JL: (Laughs). Yeah, well even worse than that is saying, ‘Can I ask you a question?’, because it’s too late – you already have.

(Both laugh)

SR: Alright, well I’ll ask the first of my many questions. I’m sure you won’t have time to answer them all.

JL: It’s fine. You’re the last one, so we don’t have the pressure.

SR: Still you’re no doubt a bit fatigued by the same questions, over and over.

JL: No, I give different answers every time.

(Both laugh).

SR: It’s hard to believe that Glean is now your 17th studio album! It’s also the 25th anniversary of Flood, which sounds as fresh as ever. Does it feel like time’s flown for you?

JL: It does! Yeah, I wouldn’t necessarily have known, but it doesn’t strike me that that much time has gone by, and yet the inarguable evidence is that we have put out a lot of music. I was speaking to a teenager who just recently discovered our catalogue. He said, ‘Why do you have so many songs?’ So, I was just, ‘Well, I guess we’ve just been doing this forever. That’s why. We’ve been writing songs for 30 years.’

SR: Can you tell us about the writing and production process for Glean and how it differed from previous releases?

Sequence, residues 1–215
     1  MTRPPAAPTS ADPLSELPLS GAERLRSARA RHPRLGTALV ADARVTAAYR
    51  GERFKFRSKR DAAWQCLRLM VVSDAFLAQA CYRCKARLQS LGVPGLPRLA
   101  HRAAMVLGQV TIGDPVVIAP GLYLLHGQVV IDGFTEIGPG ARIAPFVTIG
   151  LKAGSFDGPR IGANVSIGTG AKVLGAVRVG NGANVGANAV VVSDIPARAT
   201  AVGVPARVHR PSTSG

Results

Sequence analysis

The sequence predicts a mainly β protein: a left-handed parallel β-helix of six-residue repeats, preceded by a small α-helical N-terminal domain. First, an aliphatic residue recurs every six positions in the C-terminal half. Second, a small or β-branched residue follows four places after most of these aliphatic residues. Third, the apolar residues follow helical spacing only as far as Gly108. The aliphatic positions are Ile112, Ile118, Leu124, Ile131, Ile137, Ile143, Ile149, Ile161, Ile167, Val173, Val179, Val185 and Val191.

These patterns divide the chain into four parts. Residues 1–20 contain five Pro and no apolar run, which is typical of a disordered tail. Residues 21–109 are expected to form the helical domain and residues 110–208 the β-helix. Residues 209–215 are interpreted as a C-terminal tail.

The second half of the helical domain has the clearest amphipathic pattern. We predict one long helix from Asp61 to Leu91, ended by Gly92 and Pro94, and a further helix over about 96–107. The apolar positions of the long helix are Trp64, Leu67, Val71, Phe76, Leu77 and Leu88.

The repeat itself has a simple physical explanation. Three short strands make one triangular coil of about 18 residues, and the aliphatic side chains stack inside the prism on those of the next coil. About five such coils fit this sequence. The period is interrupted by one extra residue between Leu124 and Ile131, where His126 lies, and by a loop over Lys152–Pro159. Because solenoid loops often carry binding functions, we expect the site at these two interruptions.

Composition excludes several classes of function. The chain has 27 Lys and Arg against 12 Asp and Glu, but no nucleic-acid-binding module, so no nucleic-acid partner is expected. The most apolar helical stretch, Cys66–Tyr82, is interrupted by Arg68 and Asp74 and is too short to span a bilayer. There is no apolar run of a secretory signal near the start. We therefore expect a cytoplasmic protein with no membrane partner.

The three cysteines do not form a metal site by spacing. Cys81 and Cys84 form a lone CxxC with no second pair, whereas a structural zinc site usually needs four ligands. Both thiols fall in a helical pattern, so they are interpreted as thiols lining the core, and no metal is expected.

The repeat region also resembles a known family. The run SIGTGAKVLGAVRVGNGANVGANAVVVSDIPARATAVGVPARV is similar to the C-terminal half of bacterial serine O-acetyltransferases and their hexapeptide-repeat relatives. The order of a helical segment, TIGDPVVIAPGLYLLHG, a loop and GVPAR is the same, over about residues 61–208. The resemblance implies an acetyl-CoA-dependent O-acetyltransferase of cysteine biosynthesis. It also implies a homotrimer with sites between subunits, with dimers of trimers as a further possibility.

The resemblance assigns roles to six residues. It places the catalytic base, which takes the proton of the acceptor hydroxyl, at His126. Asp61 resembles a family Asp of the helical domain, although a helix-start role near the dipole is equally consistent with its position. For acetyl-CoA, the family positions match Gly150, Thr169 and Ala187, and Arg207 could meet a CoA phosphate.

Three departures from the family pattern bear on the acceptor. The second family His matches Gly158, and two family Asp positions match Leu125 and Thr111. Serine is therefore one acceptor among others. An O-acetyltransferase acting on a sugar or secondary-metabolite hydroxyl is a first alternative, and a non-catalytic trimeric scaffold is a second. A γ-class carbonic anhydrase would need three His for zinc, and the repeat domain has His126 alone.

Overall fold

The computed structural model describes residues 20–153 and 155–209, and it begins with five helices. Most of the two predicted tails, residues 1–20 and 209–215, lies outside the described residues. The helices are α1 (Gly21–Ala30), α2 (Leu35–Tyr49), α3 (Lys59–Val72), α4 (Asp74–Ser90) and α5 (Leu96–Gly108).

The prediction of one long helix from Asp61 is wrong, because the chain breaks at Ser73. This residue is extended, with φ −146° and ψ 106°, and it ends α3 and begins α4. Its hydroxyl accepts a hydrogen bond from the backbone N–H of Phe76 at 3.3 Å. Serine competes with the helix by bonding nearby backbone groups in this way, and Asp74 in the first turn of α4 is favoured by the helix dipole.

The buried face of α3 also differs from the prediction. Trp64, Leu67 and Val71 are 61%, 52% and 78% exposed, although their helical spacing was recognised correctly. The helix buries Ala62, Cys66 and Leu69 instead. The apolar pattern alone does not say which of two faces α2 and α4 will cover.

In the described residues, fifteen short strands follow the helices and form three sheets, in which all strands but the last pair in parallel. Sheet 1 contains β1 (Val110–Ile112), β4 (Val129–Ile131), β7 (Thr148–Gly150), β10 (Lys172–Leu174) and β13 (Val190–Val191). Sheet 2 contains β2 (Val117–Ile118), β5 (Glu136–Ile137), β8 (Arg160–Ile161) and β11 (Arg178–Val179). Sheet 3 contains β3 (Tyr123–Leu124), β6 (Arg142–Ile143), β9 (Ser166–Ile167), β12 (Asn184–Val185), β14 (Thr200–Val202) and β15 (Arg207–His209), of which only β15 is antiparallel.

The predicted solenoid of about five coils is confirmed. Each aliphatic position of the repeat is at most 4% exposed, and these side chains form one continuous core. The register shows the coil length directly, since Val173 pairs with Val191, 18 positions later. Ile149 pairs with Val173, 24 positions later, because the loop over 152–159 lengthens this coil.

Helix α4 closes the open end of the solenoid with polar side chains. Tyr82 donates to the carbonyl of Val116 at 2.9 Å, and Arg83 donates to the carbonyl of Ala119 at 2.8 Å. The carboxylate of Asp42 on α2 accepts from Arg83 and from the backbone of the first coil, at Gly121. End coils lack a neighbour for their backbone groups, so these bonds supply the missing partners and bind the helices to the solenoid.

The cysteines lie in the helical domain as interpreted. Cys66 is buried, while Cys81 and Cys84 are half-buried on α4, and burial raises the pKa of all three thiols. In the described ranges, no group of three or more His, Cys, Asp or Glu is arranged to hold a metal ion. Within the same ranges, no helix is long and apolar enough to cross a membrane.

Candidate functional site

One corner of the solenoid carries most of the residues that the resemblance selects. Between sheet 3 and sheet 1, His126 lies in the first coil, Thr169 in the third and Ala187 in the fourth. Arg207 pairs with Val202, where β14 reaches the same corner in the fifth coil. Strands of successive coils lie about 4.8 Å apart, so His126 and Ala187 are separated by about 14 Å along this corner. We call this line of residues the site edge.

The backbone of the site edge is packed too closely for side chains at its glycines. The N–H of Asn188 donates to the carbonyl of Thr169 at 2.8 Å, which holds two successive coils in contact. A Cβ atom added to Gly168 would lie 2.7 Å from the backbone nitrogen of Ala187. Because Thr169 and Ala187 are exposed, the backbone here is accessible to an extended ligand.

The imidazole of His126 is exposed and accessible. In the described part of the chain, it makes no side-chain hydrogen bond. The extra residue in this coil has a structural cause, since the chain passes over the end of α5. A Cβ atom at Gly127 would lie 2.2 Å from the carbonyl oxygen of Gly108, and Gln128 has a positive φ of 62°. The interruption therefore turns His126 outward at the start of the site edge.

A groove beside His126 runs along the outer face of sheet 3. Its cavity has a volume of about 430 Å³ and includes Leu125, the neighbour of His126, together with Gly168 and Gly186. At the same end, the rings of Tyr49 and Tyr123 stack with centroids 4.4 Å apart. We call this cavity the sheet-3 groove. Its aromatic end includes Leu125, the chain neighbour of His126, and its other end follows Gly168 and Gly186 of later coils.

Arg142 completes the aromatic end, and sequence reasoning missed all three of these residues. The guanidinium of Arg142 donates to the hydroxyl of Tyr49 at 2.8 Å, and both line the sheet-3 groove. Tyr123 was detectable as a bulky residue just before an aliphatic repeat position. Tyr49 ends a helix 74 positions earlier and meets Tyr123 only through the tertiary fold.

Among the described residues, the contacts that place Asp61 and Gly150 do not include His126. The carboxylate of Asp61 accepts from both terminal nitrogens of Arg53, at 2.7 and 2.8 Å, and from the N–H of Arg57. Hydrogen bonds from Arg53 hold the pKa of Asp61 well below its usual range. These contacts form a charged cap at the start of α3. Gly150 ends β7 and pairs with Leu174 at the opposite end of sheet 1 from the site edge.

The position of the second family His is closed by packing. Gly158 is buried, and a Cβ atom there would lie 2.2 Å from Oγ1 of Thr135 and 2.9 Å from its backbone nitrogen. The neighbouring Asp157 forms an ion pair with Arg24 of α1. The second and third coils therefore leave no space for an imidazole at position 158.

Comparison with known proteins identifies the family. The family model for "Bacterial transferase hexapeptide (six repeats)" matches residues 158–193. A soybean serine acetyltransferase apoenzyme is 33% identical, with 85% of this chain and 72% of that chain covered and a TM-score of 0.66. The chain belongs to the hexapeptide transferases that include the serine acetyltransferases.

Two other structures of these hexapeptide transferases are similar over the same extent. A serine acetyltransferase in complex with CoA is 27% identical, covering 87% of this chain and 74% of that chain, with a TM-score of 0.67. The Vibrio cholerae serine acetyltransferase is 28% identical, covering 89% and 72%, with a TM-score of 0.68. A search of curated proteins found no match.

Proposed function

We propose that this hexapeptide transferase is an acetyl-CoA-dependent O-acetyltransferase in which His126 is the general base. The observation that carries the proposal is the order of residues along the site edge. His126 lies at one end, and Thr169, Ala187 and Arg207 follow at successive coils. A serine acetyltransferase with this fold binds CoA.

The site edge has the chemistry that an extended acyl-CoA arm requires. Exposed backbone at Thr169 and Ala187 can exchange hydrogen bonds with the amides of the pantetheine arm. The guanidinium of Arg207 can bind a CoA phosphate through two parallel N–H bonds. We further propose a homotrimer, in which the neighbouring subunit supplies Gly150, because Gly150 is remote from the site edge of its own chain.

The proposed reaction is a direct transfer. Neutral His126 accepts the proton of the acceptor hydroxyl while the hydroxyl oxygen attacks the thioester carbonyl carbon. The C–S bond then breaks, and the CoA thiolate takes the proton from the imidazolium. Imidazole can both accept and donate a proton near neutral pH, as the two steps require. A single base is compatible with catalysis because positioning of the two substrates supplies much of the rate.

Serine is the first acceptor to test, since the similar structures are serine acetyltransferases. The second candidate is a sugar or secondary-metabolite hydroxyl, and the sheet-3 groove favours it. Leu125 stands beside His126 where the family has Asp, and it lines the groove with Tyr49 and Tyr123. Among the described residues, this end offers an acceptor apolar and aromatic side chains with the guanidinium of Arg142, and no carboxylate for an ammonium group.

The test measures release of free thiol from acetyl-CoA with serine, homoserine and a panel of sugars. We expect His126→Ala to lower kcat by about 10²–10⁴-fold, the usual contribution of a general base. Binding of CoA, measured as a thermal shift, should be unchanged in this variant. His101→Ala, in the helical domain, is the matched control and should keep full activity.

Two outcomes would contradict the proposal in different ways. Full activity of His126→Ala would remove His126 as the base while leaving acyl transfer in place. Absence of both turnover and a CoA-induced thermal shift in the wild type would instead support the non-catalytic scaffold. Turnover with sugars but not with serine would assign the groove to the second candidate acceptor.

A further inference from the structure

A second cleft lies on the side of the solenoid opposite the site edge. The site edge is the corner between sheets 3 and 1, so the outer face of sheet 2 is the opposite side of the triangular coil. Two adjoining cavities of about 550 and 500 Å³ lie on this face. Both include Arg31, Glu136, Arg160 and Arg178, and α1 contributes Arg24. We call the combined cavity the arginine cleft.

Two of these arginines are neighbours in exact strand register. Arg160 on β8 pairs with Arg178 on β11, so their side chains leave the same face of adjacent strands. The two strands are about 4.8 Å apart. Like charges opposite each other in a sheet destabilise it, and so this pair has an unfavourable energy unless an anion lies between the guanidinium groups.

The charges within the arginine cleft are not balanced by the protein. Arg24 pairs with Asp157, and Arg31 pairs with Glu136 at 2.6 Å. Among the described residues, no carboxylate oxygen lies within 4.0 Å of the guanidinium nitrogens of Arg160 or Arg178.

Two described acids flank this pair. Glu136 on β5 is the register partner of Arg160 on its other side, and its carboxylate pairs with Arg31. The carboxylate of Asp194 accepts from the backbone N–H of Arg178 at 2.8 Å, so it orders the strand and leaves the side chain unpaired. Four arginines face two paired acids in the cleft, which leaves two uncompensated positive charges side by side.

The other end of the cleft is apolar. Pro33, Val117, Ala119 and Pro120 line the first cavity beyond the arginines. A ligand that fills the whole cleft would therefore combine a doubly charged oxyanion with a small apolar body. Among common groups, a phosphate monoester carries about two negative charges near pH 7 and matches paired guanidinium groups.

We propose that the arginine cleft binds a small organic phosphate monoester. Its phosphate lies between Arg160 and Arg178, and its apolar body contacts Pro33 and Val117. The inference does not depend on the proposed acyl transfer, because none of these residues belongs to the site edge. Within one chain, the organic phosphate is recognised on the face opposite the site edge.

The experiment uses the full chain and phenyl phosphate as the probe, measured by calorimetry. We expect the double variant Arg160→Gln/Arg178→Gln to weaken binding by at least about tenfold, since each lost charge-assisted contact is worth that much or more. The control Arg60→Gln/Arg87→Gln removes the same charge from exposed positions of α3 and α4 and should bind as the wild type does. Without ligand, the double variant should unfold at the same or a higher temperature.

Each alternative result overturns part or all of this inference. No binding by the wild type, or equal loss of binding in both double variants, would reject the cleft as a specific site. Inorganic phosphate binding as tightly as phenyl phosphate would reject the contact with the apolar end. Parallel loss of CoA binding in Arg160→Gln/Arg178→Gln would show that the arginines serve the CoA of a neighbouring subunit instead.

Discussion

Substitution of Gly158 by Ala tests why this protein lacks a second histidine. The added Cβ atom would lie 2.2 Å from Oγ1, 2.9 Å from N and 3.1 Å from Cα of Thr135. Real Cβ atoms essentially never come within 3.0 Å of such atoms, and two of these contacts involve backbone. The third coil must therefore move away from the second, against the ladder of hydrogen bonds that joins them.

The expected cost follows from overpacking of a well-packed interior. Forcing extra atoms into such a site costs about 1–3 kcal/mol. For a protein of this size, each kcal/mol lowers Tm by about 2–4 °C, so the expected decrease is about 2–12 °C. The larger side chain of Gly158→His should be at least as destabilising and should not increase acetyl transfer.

JL: Sure. It really didn’t differ that much, in terms of the workflow. John and I tend to do a lot of work at home. We usually make a pretty comprehensive demo of everything that we’re going to bring in, so that the band knows what the idea of it is. And then, they might take it in a different direction when we get to the large studio in Manhattan where we’re working. We’ll have a demo and we have them play along to the tracks that aren’t necessarily being replaced right away; like, there’ll be a vocal track and then maybe something else. And then they’ll be replacing whatever the drums and the bass are and, you know, if there’s guitar… They’ll replace all that when we’re live. But that’s normally the way we work. It’s not strictly the way we work, but it’s a common way of putting our stuff together. So, there isn’t really a moment where it stops being a demo and becomes a live version. It’s sort of this gradual replacement of materials. It’s kind of like the way fossilisation works: the ancient, prehistoric bones get replaced with some kind of other mineral or something, and it’s a slow process. So, yeah, you could say that our demos become fossilised, in some sense. Maybe that’s the wrong metaphor to use. But it used to be that we’d make a demo in the old days, and then we’d just start over in the studio with the band – just start from scratch, maybe with a click track. But now it’s more like the demo seamlessly transfers over to the album version, or the release version.